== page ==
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Drawing a Tinned Copper Wire

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Q. Curious if anyone has advice on residue left on the tin from the plating process. We buy our plated wire from a vendor and there appears to be some residue left behind causing a blackened 'mud/oil' to build up on our capstans during running. We have tried other vendors and the issue goes away so we are confident it is a residue. Wanting to offer some advice to our vendor but not sure what may be on the wire after the baths at the plating process. Once we switch the machine back to bare copper the capstans and dies clean themselves up until we run tin again.

A Berger
- Indiana, USA
July 31, 2022

⇩ Closely related postings, oldest first ⇩

Q. We are using Tinned Copper Wire for making communication cables. Please let me know, if we can draw a bigger diameter of tinned copper, say 2.5 mm into lower diameters like 0.1 mm to 0.5 mm. In this process how can the drawn tinned copper wire be saved from getting oxidised? Can I do on-line annealing with this process? Do I need some chemical to avoid oxidation? Please help?

Product Development Manager - REWA, INDIA


A. Hello, Shekhar. The short answer is that, yes, pre-tinned wire can be drawn down while retaining the tinning; in fact, pre-plating / pre-tinning, and then drawing to smaller sizes, is the commonplace way that wire is made. However, this is an entire technology, including proper coating techniques so the plating won't peel, drawing within reasonable step-down limits, intermediate annealing, anti-oxidation coatings, proper lubricants, and so on. I personally know only the tiniest fraction of the art, a few things I've seen, but I know people who have worked 30 years to optimize the process and are still learning every day :-)

It may be a little unrealistic to ask how to do wire drawing in an internet posting; please consider retaining a consultant experienced in that technology to help you the first time through. Best of luck!

Ted Mooney,
Ted Mooney, P.E.
Striving to live Aloha - Pine Beach, New Jersey

Q. Dear Ted,

Sorry! I didn't mean the complete technology, just the catch for avoiding blackening of tinned wire while drawing. Can you help?


A. Hi again, Shekhar. If your experience indicates that the black spots develop even on wire that hasn't been drawn, then you might look at letter 33112.

Such blackening of tin over pure copper, only when drawn, may be chemical oxidation, but it may be fretting corrosion caused by the pulleys, dies, handling, and other steps in the drawing process. Although it may be necessary to remove it after the drawing, depending on the application, you may need a more advanced drawing lubricant. Sorry, this subject is just not within my personal knowledge.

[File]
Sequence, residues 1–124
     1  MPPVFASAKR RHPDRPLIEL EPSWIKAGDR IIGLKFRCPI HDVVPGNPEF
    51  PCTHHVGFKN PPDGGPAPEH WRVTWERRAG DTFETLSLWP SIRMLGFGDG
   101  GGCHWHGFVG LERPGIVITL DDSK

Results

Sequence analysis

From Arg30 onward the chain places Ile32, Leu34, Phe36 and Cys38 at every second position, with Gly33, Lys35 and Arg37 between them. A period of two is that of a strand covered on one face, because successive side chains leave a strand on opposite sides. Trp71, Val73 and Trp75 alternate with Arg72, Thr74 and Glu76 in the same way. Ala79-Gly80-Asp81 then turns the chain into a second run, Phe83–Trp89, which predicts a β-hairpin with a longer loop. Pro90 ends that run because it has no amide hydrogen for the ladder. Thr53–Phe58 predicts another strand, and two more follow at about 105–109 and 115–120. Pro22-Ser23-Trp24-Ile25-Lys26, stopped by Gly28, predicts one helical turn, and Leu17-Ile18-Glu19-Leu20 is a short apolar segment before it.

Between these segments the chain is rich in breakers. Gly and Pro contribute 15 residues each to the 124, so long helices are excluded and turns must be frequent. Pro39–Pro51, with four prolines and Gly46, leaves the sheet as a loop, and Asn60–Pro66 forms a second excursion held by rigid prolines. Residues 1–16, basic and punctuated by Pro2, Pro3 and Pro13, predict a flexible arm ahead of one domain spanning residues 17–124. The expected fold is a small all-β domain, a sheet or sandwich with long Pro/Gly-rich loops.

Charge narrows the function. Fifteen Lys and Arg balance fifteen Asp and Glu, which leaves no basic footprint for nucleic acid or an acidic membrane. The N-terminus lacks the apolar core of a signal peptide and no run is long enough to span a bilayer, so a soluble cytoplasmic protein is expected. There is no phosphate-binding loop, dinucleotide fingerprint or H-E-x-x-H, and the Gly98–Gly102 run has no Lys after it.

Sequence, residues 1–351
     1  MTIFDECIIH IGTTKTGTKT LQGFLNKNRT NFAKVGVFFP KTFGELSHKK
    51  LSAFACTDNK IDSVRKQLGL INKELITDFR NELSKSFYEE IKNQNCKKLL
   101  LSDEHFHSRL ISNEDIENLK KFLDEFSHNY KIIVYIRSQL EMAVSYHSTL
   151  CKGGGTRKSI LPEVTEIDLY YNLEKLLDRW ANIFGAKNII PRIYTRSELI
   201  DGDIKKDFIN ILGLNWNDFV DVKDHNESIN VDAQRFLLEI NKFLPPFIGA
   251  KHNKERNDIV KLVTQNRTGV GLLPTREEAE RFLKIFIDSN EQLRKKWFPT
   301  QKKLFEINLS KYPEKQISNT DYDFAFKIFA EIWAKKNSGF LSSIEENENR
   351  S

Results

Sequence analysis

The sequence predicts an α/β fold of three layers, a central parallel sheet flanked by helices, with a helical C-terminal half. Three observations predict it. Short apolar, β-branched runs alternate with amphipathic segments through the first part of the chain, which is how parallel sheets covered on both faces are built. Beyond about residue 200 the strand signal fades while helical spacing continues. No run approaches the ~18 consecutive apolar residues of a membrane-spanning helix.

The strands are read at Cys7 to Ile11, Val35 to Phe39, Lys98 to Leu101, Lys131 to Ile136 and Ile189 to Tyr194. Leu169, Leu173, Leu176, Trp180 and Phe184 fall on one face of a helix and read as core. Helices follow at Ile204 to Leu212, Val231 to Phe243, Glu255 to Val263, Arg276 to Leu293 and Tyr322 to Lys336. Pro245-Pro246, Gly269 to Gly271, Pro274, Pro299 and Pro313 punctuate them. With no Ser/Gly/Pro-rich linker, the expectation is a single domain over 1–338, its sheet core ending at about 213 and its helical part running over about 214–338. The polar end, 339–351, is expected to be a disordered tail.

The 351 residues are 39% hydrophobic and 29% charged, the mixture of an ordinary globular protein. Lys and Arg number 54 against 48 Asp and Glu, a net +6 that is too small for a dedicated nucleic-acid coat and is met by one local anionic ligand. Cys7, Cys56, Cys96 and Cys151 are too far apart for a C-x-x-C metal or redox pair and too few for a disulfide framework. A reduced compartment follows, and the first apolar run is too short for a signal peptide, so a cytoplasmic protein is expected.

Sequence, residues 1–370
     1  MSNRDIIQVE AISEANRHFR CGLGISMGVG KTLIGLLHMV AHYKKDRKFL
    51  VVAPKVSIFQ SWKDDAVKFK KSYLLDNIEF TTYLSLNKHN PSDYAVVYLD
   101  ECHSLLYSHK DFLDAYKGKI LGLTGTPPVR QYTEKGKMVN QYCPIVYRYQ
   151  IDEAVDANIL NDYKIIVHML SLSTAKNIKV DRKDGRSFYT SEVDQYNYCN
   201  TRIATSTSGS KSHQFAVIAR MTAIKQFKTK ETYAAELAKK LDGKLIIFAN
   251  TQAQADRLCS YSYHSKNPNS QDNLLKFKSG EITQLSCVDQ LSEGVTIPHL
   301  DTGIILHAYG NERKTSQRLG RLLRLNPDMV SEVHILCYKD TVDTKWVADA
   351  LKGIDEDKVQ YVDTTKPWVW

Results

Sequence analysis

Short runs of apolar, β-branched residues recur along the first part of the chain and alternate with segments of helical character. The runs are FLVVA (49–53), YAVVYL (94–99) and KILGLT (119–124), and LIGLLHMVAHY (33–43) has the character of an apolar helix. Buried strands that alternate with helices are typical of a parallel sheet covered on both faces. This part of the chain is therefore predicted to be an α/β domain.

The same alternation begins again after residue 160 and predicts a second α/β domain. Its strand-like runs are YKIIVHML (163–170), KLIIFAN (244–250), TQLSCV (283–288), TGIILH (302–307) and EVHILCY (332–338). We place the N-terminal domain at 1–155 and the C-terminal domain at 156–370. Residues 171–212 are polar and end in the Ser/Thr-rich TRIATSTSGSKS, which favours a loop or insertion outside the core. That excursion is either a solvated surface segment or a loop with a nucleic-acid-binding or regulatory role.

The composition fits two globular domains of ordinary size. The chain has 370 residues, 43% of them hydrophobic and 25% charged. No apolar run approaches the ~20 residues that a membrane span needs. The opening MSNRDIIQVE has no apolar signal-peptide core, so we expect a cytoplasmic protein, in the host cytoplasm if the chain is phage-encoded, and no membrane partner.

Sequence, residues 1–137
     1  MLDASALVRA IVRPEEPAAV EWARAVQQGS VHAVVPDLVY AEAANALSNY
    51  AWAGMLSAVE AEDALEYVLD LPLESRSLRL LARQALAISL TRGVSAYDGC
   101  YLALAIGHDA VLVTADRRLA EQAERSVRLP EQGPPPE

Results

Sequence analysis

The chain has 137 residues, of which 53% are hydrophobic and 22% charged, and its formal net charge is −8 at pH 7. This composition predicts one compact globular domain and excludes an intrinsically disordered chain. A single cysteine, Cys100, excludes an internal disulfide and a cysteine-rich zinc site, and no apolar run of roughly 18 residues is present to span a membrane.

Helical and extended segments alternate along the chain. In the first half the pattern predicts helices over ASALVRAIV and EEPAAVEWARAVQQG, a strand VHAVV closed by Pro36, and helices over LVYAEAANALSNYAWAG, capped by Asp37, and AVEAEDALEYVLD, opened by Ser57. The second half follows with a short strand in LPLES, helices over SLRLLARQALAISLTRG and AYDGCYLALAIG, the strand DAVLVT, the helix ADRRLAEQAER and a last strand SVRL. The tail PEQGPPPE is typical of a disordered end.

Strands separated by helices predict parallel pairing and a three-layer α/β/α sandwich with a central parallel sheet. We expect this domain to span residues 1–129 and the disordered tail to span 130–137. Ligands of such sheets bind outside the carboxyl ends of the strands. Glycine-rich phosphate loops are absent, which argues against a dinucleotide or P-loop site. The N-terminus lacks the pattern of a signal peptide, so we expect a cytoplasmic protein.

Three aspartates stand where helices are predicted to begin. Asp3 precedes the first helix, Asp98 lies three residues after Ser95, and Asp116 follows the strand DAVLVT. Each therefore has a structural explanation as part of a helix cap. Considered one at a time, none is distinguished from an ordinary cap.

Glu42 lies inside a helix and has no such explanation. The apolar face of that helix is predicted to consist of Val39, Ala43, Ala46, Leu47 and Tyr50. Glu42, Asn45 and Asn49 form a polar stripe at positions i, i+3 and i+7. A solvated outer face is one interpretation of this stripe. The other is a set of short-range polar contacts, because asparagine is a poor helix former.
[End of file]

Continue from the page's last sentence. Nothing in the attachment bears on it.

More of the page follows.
Best regards,

Ted Mooney,
Ted Mooney, P.E.
Striving to live Aloha - Pine Beach, New Jersey

Q. Dear Sir,
I have some problems concerning the tinned copper drawing, it cause a lot of wire cutting when we use dies for normal plain copper, please advise us how to deal with this problem.

Thanks and best regards,

Mohamed Shalaby
E- Cables - Cairo, Egypt

A. Dear Mohamed,
You are getting a build up of Tin on your wire dies. When the dies are used for Copper, the Tin build up is causing the Copper wire to drag on the dies. This is the cause of the breakage. The wire dies should be cleaned after running the Tin coated Copper wire to remove the Tin residue. Tin is very soft and will build up on dies during wire drawing. This will create friction when the Copper wire is drawn. A good lubricant on the wire is also helpful.

Good luck & Best regards

Jim Sivertsen
Alloys & Refining - Alden, New York

Tinned copper wire is green

Q. Dear Sir, In one of HT motors at our site the terminals are provide with tinned copper. but due to oxidation lot of green marks appearing on the surface of the terminal(Conductor). Kindly let me know which liquid is suitable to clean the oxidised (green) marks.

Patlolla reddy
- Hyderabad,Telangana, India
April 26, 2018

A. Hi Patlolla. "HT" means "high tension"?

Vinegar should remove the green corrosion products; but they are not from the tin, they are from the copper due to the tin coating on the wire not being thick enough and pore-free enough for the application and environment. Good luck.


pic of Ted Mooney
Ted Mooney, P.E. RET
Striving to live Aloha - Pine Beach, New Jersey
April 2018

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